If there was one moment that summed up the mood at this year’s excellent Pay TV Show, it was when moderator Kevin Gray asked analyst Colin Dixon for his thoughts on the potential of Warner Media’s new streaming service.
Dixon demurred, pointing out that there was no way to offer an opinion on the service until there was more information on what it would look like, what programming choices would be offered and how much it would all cost. His fellow panelists (myself included) largely concurred.
The industry is about to undergo a series of seismic changes and while the train has left the proverbial stations, what stops it will make along the way are pretty much anyone’s guess. There are just far too many unknowns about how things will play out to make specific predictions.
Broad predictions, however, are another story and there were plenty of those.
The Great Rebundling
The logic train on this makes infinite sense, and it’s a two-track journey.
Consumers, the thinking goes, are overwhelmed by the amount of choice they have. There are too many subscriptions to keep track of, along with too many different algorithm-fueled interfaces.
On top of that, while consumers say they want choice, that’s only until they actually have to make one: in Canada, less than 25% of viewers have taken advantage of a regulation that forces MVPDs to allow them to choose their own personalized á la carte channel packages.
At the same time, it seems to be close to a sure thing that the Flixes will soon find that the month-to-month contracts they have on offer are resulting in massive churn, and that development, when looked at through the prism of the highly competitive landscape the Flixes are competing in, will make them amenable to the sorts of deals that allow viewers to sign up for a year or longer.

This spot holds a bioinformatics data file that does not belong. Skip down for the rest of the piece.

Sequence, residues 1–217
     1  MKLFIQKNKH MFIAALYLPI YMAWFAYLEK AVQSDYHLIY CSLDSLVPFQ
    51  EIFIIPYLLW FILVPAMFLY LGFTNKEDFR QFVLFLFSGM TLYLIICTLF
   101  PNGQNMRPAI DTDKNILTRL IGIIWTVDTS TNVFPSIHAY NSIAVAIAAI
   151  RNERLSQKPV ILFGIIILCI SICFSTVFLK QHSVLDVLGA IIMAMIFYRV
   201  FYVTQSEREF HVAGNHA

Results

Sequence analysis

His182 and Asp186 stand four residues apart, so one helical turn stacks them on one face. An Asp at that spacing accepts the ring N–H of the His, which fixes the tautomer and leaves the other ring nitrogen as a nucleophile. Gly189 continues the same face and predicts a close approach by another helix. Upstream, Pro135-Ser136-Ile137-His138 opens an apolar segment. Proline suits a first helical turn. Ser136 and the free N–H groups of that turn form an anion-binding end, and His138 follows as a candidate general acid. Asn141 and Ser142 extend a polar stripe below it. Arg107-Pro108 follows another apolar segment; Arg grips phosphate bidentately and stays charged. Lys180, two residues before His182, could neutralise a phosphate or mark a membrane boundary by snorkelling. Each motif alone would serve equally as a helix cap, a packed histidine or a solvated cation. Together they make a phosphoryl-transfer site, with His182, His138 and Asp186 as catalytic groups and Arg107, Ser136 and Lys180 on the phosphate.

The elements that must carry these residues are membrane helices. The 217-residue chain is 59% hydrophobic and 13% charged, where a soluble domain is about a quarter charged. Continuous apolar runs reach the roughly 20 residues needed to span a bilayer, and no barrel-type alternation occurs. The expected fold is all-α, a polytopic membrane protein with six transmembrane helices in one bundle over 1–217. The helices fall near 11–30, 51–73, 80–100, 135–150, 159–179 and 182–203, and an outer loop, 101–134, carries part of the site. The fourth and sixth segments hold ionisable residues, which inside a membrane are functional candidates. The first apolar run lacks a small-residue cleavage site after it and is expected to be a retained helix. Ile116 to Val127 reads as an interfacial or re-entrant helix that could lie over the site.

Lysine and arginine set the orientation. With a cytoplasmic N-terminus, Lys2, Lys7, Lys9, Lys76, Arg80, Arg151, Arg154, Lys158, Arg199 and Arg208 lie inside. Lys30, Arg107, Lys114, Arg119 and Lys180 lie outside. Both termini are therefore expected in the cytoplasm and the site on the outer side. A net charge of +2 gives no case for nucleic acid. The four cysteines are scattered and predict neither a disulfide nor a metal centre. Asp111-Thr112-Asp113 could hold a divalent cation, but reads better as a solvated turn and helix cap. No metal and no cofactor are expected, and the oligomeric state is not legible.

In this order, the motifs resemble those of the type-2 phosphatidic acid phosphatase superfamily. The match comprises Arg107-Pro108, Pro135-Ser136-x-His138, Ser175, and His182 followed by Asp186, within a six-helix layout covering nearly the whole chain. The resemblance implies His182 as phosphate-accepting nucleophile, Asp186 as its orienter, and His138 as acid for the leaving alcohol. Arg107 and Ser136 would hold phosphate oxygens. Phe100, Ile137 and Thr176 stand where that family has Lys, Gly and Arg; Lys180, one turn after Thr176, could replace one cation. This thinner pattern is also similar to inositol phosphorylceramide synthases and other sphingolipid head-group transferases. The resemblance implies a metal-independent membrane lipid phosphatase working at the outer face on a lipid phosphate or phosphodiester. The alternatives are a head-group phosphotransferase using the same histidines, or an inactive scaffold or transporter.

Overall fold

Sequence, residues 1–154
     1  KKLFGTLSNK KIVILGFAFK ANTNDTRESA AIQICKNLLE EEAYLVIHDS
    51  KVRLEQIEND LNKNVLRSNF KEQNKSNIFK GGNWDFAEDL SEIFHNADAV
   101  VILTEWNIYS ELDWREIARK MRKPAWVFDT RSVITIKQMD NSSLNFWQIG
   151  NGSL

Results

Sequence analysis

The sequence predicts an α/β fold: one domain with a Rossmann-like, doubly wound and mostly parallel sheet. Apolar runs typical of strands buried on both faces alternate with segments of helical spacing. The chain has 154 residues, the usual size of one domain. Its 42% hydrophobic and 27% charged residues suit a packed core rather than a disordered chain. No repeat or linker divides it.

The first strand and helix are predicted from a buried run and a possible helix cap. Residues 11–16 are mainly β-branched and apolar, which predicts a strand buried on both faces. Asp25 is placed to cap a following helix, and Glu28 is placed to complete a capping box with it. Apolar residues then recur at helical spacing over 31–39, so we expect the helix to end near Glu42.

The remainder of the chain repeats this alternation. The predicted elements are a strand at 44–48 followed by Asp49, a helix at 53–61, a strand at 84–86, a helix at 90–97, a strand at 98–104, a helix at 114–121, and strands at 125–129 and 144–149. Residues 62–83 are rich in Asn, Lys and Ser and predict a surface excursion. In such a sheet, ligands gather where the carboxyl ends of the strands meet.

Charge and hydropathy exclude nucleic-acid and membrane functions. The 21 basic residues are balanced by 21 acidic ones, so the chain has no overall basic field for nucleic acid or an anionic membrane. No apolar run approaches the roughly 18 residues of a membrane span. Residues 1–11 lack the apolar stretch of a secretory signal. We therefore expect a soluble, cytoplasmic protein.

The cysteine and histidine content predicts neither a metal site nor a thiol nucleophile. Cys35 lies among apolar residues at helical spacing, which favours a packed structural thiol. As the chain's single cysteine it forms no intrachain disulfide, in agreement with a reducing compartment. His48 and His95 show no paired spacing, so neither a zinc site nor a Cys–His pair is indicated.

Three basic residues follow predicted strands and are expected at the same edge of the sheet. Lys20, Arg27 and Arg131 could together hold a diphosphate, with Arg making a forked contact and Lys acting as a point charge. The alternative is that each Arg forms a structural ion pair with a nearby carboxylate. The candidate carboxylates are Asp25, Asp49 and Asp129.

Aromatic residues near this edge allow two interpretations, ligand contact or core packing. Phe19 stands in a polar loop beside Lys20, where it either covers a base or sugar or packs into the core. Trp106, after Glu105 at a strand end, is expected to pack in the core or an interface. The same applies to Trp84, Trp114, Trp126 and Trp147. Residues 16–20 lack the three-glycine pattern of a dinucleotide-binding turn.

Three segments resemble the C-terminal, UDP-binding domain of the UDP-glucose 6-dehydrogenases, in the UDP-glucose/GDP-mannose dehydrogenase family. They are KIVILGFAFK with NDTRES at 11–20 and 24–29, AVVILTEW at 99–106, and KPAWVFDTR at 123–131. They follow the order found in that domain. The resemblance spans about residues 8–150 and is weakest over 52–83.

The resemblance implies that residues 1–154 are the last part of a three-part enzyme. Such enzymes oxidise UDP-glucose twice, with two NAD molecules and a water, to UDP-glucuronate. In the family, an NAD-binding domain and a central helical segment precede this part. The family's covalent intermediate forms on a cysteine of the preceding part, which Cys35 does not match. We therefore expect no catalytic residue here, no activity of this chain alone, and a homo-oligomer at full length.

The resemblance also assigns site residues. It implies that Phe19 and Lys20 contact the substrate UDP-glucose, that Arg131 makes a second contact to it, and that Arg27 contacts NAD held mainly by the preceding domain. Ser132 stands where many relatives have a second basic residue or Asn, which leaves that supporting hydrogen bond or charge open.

The idea is that these deals will either come from the platforms themselves (sign up for one year of NBCUFlix and save 20% off of the monthly price) or from third parties like Roku, Amazon and the various vMVPDs, who will only be too happy to create a diverse series of bundles around the streaming services in order to increase their own relevance and stickiness.
The Future of vMVPDs
If there was anything about vMVPDs that got speakers and audience members all nodding their heads in unison, it was that the term itself is not easy to say.
Beyond that, we saw a range of opinions as to their future, with some seeing massive growth for the services over the next five years, with subscriber numbers edging close to 30 million. Others saw them fading away entirely over the next decade, claiming that the services were just band-aids that propped up a broken system, and that we were heading for a TV ecosystem comprised of Flixes, FASTS and a couple of broadcast networks.
(TVREV’s view is that it’s a little of both: the vMVPDs have a role as aggregators, putting Flixes, FASTS, broadcasters and the remaining cable networks into bundles, with sports, news, kids, etc., modules as add-ons.)
As previously noted, smaller cable networks without a strong brand identity are most at risk in this new world. This is something I’d first broached four years ago in Over The Top, the idea that for many of these smaller/less popular networks it will make much more sense for them to start producing anywhere from 5 to 15 hours of original programming each week to be distributed over MVPD VOD, and while it seemed like an out there idea at the time, it was gratifying to hear it being discussed as a real option in several sessions where the speakers wen’t people I knew.